There’s no question that cool tech advances in sensors have given us some amazing products. Health and fitness monitors are everywhere, and there’s also a growing segment for sensors which can track our environment, and help us stay aware of what’s happening in our local surroundings. The new Archos Weather Station is the latest product to enter this arena, and it’s not a bad system at all, as we found out in our tests.
The system is designed as a modular set of wireless components which let you monitor a range of stats indoors and out, as well as including a useful soil monitor to track hydration in your plant pots. See our video below for a quick overview of how the system works.
The product comes in an attractive package, containing all the bits you need to get going, including batteries thankfully. There are three components, the main house unit which communicates with the phone and the online servers, an outdoor unit for grabbing external data and the soil probe.
You also get a handy user and set up guide, as well as the power block for the main unit and AA and watch coin batteries for the modules. All of the modules are made of plastic, and while not ugly may be an acquired taste.
The first thing you need to do is download the smartphone app (iOS or Android) and then connect the main module to your home WiFi using the app. This takes just a few moments, and is mercifully easy. Once that’s done you have to register each of the modules with the app, and then register the phone with your location. This is obviously to tie up the weather conditions in your local area.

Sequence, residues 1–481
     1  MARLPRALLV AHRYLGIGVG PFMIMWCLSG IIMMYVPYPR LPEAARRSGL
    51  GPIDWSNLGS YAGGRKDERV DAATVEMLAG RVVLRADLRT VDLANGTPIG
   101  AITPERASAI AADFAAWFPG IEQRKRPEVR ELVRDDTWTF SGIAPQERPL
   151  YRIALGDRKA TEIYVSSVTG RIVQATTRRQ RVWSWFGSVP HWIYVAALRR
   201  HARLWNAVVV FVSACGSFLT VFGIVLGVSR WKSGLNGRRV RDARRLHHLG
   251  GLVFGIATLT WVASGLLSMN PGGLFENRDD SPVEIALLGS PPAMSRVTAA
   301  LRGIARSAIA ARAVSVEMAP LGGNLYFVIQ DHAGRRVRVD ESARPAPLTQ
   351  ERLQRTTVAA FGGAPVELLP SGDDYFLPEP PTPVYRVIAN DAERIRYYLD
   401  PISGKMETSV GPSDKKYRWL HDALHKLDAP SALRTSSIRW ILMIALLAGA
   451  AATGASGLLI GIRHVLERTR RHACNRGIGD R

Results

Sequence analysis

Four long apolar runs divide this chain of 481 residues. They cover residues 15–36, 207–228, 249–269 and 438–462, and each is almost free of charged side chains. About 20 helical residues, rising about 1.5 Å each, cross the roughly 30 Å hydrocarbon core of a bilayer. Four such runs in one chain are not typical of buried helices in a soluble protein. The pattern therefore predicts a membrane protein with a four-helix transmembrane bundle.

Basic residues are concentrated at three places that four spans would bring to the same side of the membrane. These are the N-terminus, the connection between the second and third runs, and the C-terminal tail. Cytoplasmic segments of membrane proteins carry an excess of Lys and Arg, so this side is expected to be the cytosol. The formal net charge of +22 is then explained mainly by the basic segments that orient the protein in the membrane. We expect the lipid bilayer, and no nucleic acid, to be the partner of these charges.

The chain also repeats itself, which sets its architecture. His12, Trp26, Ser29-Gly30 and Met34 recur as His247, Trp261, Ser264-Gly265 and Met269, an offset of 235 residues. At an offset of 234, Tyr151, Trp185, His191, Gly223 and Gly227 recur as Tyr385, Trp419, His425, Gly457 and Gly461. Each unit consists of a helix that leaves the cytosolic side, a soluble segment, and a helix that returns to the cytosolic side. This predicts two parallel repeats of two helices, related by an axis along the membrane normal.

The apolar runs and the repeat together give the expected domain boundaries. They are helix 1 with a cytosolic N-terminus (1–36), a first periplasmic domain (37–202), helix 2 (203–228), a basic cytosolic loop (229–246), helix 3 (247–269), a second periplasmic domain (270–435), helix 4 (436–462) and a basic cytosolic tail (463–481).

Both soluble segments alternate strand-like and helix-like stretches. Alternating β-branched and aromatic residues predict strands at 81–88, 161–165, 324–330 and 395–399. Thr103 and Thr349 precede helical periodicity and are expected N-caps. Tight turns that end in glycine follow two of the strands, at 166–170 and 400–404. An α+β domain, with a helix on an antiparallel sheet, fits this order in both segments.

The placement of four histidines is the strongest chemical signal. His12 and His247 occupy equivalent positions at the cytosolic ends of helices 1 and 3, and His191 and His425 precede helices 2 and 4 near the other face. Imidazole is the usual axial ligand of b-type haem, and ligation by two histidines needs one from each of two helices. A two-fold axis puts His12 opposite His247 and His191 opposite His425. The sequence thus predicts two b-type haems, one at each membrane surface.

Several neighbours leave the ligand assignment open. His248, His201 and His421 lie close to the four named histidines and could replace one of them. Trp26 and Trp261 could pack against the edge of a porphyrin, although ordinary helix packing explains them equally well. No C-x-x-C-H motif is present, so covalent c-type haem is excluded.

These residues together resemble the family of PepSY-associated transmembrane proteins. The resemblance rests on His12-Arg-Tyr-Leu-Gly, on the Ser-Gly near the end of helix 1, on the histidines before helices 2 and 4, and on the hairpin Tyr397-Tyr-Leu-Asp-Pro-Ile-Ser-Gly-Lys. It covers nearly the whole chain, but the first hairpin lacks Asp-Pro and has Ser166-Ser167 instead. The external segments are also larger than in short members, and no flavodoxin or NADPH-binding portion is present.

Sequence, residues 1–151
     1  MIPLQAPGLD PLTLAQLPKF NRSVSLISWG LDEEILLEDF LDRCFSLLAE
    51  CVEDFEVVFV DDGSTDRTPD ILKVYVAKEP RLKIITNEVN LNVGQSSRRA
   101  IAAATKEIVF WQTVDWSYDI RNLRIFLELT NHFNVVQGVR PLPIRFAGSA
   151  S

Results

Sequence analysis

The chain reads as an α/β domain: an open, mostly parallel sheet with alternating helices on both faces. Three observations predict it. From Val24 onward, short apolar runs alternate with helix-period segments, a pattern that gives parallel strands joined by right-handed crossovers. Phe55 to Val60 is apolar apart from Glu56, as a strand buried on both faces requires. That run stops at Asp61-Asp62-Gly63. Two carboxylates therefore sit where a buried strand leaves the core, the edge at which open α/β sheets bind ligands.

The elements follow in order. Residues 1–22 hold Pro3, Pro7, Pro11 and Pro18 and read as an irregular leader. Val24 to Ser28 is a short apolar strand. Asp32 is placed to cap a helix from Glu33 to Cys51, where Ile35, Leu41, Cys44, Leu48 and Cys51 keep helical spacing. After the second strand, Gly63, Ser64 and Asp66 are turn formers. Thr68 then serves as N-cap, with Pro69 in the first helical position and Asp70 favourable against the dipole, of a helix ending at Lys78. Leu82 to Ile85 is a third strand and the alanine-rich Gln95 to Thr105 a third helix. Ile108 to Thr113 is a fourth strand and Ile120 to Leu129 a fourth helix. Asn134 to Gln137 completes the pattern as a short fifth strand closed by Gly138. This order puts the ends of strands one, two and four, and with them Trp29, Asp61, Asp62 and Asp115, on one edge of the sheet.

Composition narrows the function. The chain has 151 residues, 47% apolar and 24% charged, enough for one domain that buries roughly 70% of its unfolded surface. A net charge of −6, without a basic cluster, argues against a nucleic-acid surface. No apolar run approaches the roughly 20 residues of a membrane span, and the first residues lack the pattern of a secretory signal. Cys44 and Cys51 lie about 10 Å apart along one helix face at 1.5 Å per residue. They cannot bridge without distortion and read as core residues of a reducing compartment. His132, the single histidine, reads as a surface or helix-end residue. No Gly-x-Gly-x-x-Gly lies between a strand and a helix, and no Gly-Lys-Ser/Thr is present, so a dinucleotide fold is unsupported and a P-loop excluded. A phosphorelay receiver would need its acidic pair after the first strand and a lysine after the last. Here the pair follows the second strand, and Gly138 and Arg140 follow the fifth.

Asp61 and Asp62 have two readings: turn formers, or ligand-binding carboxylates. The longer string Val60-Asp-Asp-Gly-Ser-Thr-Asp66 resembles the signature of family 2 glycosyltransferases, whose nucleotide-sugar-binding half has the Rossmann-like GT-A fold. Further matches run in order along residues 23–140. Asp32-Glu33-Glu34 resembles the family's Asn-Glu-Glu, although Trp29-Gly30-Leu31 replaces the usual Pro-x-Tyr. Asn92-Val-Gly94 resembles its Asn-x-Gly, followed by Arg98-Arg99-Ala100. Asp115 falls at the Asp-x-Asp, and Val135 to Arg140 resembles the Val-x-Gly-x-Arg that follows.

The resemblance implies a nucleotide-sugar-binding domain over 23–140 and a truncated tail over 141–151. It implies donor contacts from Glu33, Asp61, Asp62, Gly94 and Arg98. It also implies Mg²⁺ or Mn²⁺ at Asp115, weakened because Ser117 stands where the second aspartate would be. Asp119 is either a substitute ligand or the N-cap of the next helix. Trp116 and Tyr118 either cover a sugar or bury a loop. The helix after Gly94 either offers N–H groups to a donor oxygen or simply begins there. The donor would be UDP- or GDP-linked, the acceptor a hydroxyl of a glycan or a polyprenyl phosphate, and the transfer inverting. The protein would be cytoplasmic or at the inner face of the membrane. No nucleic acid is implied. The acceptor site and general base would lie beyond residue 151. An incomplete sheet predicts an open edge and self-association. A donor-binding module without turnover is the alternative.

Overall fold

The main interaction with the system is obviously done through the app, which displays not only the sensor information, such as temperature and humidity, but also specialized data, including ambient noise (on the internal sensor) and air quality and atmospheric pressure. All of which are very useful for grabbing a snapshot of your surroundings on one screen.
You can also drill down to each specific sensor to get a timeline of readings, which is useful for tracking how things are going over time, and it’s all easy to read at a glance because of the clear graphical display. The soil display is also great for tracking plant hydration, especially useful in the summer if you care about your indoor or outdoor gardening.
The other useful thing for gardeners is the seven day rolling weather forecast which features on the front page of the app, perfect for checking whether you need to take an umbrella out with you. And finally, there’s a very neat little feature which gives you an instant reading of the CO2 in your room with a simple wave of your hand over the top of the main unit.
The LED will then deliver a color to let you know what the levels are, and if you need to open a few windows or doors to get some ‘fresh’ air into the place. Simple but effective, and probably very useful in high rise apartments with sealed or double glazed window systems. We also like the fact that you can set up alert notifications which are sent to your phone when your choice of criteria is reached (e.g. soil humidity is less than 10%).
The Archos Weather Station is a very capable all round monitoring system, which delivers an easy to read set of data for the main aspects of your home environment. It’s easy to set up, unobtrusive in use and appears to be reasonably accurate in terms of the information it tracks. You will need to be careful about where you position the sensors however, because this can throw the readings off quite a lot (e.g. hot windowsills can deceive you in terms of temp readings).
The good thing about the data being stored in the Archos cloud (i.e. on the Internet) is the fact that you can check it from anywhere – e.g. to see whether your plants need watering when you’re out of the house – but the bad thing is you’re sacrificing some privacy over your data, and also leaving yourself at the mercy of the Archos server system. The alerts system is however rather cool. Overall a nice product, and executed nicely. It will be interesting to see whether they introduce any new sensors to add to the system over time.